What is DE and EBDITA

Discretionary Earnings or DE and EBITDA are common earnings terms used frequently in business sales, but what exactly do these figures mean and how are they calculated?  

For additional information on using Earnings Multiples to value a business see our Blog “How to Value a Business Using Earnings Multiples”. 

 Discretionary Earnings Calculation

Start with Net Profit shown on Federal Tax Return then add Interest, Depreciation and Amortization plus owner’s benefits and expense as shown below.  

Net Profit (Federal Tax Return) 

  • + Interest Expense
  •  + Depreciation
  • + Amortization 
  • + Owner’s compensation (from tax return) 
  • + Owner’s benefits such as auto, health insurance, travel/entertainment, other expense (non business essential and must be an expense on the tax return) 
  • + One Time – Non Recurring or Unusual Expenses.  These are added back if they are a one time extraordinary expense.  

= Discretionary Earnings, aka DE and sometimes SDE, Seller’s Discretionary Earnings

What’s the Difference Between EBITDA and DE?

EBITDA (Earnings Before Interest Taxes Depreciation & Amortization) is a common term for earnings typically used for very large companies and Publicly Traded companies.  When earnings are reported on the news for large corporations they are typically referring to EBITDA and simply call it “earnings” for simplicity.  EBITDA is used to measure earnings because it adds back non cash expenses such as Depreciation and Amortization and also adds back Interest and Taxes to arrive at a normalized cash flow for the company.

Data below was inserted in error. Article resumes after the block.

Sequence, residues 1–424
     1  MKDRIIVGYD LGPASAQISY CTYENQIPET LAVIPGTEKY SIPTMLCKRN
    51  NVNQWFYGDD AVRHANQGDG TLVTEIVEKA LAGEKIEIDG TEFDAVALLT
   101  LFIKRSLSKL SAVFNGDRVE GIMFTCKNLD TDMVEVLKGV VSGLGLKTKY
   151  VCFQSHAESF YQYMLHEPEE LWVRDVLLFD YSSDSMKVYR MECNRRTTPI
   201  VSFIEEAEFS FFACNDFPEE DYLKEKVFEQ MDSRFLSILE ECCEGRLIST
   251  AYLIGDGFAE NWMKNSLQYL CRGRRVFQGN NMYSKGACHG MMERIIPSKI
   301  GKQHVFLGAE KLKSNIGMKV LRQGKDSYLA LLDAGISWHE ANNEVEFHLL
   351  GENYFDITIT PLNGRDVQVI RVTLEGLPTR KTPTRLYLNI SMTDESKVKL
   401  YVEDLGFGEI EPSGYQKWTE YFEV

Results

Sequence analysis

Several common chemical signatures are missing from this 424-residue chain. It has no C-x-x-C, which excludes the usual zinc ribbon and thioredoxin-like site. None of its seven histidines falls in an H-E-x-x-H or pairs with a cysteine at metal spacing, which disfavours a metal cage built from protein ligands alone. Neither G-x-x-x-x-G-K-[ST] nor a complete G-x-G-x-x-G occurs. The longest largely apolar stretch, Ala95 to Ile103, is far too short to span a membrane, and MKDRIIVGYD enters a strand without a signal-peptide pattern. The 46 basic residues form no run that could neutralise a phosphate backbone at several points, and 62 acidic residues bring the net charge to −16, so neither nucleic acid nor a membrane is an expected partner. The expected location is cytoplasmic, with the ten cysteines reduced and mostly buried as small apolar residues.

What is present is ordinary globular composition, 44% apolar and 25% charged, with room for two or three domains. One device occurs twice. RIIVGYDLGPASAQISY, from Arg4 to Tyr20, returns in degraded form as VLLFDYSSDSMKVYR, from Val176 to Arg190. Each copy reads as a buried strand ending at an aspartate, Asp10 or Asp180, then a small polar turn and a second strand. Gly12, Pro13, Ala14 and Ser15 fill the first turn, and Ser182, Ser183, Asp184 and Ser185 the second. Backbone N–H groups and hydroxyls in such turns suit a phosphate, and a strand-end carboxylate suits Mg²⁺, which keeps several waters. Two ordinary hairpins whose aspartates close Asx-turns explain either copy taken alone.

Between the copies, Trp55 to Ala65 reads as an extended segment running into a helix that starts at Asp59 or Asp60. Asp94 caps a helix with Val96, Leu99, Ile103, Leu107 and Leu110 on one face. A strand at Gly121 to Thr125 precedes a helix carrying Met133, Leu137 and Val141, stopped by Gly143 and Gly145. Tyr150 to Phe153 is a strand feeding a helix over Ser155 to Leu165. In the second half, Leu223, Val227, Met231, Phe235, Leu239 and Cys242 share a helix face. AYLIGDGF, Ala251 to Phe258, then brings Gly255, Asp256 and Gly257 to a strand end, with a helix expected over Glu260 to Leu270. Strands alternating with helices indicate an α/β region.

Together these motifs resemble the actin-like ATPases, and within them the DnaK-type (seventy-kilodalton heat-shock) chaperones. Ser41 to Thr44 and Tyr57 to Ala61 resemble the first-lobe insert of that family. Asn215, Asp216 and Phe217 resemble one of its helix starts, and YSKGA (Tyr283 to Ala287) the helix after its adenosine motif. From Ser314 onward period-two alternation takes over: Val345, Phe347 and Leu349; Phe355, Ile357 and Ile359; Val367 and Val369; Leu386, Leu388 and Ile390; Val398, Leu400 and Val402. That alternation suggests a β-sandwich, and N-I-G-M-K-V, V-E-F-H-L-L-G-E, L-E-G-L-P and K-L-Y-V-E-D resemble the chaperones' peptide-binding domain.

EBITDA is also used for privately held mid sized companies but it requires some adjustments to reflect the actual EBITDA.  Most privately held companies have owners compensation and benefits included in the company expenses. If one calculates EBITDA by simply adding back Interest, Taxes, Depreciation and Amortization the owner’s expenses have not been adjusted out of the expenses.  For privately held companies a Normalized or Adjusted EBITDA is used (see below) where the owner’s benefits and expenses are added back and then a replacement salary for the owner is subtracted. Normalized EBITDA reflects the earnings of the company with a professional manager (eg a GM or President) operating the company.  Normalized EBITDA is most commonly used for businesses with at least $5 million to $10 million in sales and above. 

For businesses under $5 million in sales Discretionary Earnings (DE) is the most common earnings metric used.  DE is very similar to EBITDA except that with DE the owner’s salary and expenses are added back to reflect the total economic benefit the owner derives from the company.  DE assumes the company is operated and run by the owner. The DE calculation adds back owner’s benefits and expenses that are not business essential or are an economic benefit to the owner which is another form of compensation. 

Normalized EBITDA Calculation 

The simplest way to calculate Normalized EBITDA is to start with DE (Discretionary Earnings) and subtract the market value replacement salary for a manager to run the business.  Normalized EBITDA is essentially the earnings of the business under an absentee owner business model.  

To calculate Normalized EBITDA from scratch you would do the following: 

Net Profit (Federal Tax Return) 

  • + Interest Expense
  • + Depreciation
  • + Amortization 
  • + Owner’s compensation (from tax return) 
  • + Owner’s benefits such as auto, health insurance, travel/entertainment, other expense (non business essential and must be an expense on the tax return) 
  • + One Time – Non Recurring or Unusual Expenses.  These are added back if they are a one time extraordinary expense.  
  • – Replacement Salary at market value for a Manager to replace the owner. 

= Normalized EBITDA

INFORMATION ON BUYING-SELLING A BUSINESS